Editor’s note: Due to supply challenges, our Baobab Butter is being discontinued. Good substitutions would be Turmeric Butter or Hemp Butter.
Winter skin feels so uncomfortable! Fortunately, a thoughtfully crafted lotion can help.
Two forces are at work to make skin feel super dry in winter: trans-epidermal water loss (TEWL) and loss of the skin’s ability to hold in moisture. We’ll focus on ingredients that can help with these issues.
I am aiming for an emulsified body butter that is not excessively greasy, that absorbs fairly quickly, and does not take forever to rub in. This means choosing the right oils, butters, and additives. I also plan to whip the finished product to give it a fluffy, airy texture that seems less heavy.
Dimethicone is a skin protectant, and it helps the lotion avoid the soaping effect (when lotion stays white on the skin and seems to take forever to rub in). I like adding it to any lotion targeting dry skin.
Baobab Butter is a blend of shea butter, palm butter, jojoba oil, and baobab extract. It feels dreamy all by itself. I love the combination of the butters with jojoba oil. Our catalog has this to say:
“When directly applied to the skin, the Baobab Butter has a silky feeling that quickly absorbs into the skin and leaves the skin feeling soft without a greasy after feeling. Enjoy all of the benefits of Baobab fruit like naturally occurring humectant and moisturization properties, potassium, calcium, magnesium, phosphates, and vitamins C, B1, and B2.”
High Melt Point Shea Butter has a higher stearine content to keep the mixture thick and will allow more flexibility when whipped. Oat Oil is of great benefit to dry skin, and it only takes a small amount.
I’ll also use Allantoin and Aloe Extract for an extra boost. Extracts are a great way to increase the efficacy and label appeal of skincare products, and we have so many great ones. Have a look here.
I chose Honey Almond Fragrance Oil for this creation. I love how it smells – warm, comforting, and delicious. It can be pretty strong, though, so keep your usage rate low.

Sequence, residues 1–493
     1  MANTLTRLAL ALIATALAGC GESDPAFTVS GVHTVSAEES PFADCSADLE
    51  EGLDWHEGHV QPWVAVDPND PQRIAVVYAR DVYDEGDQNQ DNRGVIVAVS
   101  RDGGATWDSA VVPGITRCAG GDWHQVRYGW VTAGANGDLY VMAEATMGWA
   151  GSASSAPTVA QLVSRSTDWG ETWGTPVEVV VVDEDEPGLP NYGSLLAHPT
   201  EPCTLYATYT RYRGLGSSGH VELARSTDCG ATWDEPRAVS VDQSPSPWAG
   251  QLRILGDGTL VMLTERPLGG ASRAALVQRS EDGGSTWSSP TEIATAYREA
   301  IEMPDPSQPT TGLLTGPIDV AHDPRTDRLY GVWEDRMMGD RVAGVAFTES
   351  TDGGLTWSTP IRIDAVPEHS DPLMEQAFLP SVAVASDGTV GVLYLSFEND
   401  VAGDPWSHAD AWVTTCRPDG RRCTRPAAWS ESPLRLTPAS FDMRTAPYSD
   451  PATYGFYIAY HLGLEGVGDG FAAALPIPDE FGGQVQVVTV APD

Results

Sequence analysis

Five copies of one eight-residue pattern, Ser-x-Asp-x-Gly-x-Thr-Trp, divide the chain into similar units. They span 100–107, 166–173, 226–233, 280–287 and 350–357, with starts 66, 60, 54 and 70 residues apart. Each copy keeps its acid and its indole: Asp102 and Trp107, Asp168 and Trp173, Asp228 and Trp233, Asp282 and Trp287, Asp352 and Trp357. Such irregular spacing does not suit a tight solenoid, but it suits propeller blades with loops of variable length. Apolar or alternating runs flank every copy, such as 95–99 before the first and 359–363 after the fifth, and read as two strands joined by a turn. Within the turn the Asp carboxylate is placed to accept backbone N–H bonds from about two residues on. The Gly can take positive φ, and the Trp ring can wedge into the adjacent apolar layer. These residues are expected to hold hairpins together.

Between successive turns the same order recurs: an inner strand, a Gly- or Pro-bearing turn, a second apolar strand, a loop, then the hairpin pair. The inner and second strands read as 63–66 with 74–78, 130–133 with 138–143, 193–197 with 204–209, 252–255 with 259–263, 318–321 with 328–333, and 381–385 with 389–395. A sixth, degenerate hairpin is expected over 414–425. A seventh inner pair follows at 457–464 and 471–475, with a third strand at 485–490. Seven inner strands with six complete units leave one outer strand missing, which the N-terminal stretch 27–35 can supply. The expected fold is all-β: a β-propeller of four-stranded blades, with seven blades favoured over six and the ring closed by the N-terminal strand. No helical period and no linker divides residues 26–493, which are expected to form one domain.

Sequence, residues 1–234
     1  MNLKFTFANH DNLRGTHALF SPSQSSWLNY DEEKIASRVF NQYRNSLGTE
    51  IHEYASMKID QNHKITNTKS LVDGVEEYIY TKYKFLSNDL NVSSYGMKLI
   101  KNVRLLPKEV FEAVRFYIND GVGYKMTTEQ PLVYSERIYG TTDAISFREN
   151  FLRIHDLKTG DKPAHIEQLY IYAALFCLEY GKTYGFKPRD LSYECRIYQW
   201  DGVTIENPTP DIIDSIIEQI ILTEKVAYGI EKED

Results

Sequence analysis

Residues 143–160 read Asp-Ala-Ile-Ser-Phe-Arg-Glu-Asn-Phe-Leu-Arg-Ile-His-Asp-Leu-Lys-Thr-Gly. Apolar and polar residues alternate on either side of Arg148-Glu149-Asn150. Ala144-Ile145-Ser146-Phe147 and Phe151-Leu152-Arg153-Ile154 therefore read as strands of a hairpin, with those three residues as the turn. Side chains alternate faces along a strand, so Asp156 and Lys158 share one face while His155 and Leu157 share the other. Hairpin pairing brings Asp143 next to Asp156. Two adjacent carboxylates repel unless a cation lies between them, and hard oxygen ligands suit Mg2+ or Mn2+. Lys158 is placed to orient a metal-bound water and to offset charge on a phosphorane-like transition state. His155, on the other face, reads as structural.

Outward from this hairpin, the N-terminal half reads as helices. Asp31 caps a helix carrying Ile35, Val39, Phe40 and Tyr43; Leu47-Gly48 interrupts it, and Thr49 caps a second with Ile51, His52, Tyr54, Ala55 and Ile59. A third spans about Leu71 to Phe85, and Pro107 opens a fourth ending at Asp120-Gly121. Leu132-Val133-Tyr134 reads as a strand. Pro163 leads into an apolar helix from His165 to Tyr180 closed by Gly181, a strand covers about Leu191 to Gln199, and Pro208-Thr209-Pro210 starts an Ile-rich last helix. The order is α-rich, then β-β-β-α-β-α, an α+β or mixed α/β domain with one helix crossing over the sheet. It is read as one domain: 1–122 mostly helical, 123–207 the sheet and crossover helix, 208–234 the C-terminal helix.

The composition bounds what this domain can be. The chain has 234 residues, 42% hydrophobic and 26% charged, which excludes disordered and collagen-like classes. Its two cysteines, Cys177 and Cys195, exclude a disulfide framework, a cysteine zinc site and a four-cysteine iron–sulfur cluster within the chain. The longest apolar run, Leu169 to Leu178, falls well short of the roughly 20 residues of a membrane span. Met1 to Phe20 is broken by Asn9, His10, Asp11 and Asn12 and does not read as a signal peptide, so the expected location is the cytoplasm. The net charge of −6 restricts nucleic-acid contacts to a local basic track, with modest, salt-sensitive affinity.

Come join me in the blog kitchen as we whip up this fantastic body butter! Here are the supplies and equipment you’ll need.
Are you ready? Here’s the recipe to make a 16-ounce batch and in percentages so you can scale to your preferred batch size.
11.32 ounces Distilled Water
70.75% Distilled Water
Weigh the water, then use a Transfer Pipette to remove about 2 ounces into a small container. (This will be used to disperse the Allantoin.)
To the water, add Emulsifying Wax, Stearic Acid, High Melt Point Shea Butter, Hydrovance, Baobab Butter, and Oat Oil.
Heat in 30-second increments in the microwave, stirring after each heating, until everything has melted. (You could also use a double boiler to heat the ingredients to melting.) Stick blend until emulsified. You may find that there are still unmelted granules of Stearic Acid. Keep warming the mixture and stick blending to get them all melted and mixed thoroughly. I have found it takes reheating the mixture to about 160-170 degrees F several times before the Stearic Acid melts fully. Its melt point is around 156 degrees F.
Now allow the mixture to cool below 120 degrees. You can help this process by hand stirring occasionally. If you’re in a hurry, put the bowl into a cool water bath and stir often.
For the Allantoin, slightly warm the reserved water to about 100 degrees. Place the warmed water in its container on your scale, then zero it. Weigh the Allantoin into the water, and use a mini whisk or mini stick blender to disperse the powder. Pour this directly into the cooled lotion, then add the Liquid Germall Plus, Fragrance Oil, Aloe Extract, and Dimethicone. Use a stick blender to mix thoroughly, scraping the sides of the bowl several times to be sure all the additives and preservative are fully blended in.
Place the mixture in the refrigerator for an hour or two (depending on your batch size). You want the blend fully chilled and thickened.
Now use a mixer with a whisk attachment to whip the body butter into a fluffy concoction. I used a hand mixer for my small test batch. If I’d made a large batch, I would have hauled out the stand mixer.
Turning the mixer on high speed, I whipped for several minutes until it seemed the mixture was no longer gaining volume. At that point, I scooped the whipped body butter into a piping bag that I’d set inside a tall soap bucket to hold it up. I cut the tip off the piping bag and piped the fluffy butter into jars.
I’m in love with the feel of this whipped body butter, and it is so wonderful on my super dry hands. Thanks to the whipping, it’s very easy to scoop out of the jar, and it rubs in quickly, leaving behind a soft yet powdery feeling.
The mixture deflated some, which was a bit disappointing. However, that is to be expected in an emulsion versus an anhydrous mixture. I’m thinking about taking a jar of Baobab Butter and whipping it just by itself – it’s that wonderful!
Have you tried our Baobab Butter yet? If so, tell us what you’re making with it. If not, I encourage you to add a jar to your next order. I promise you will not be disappointed!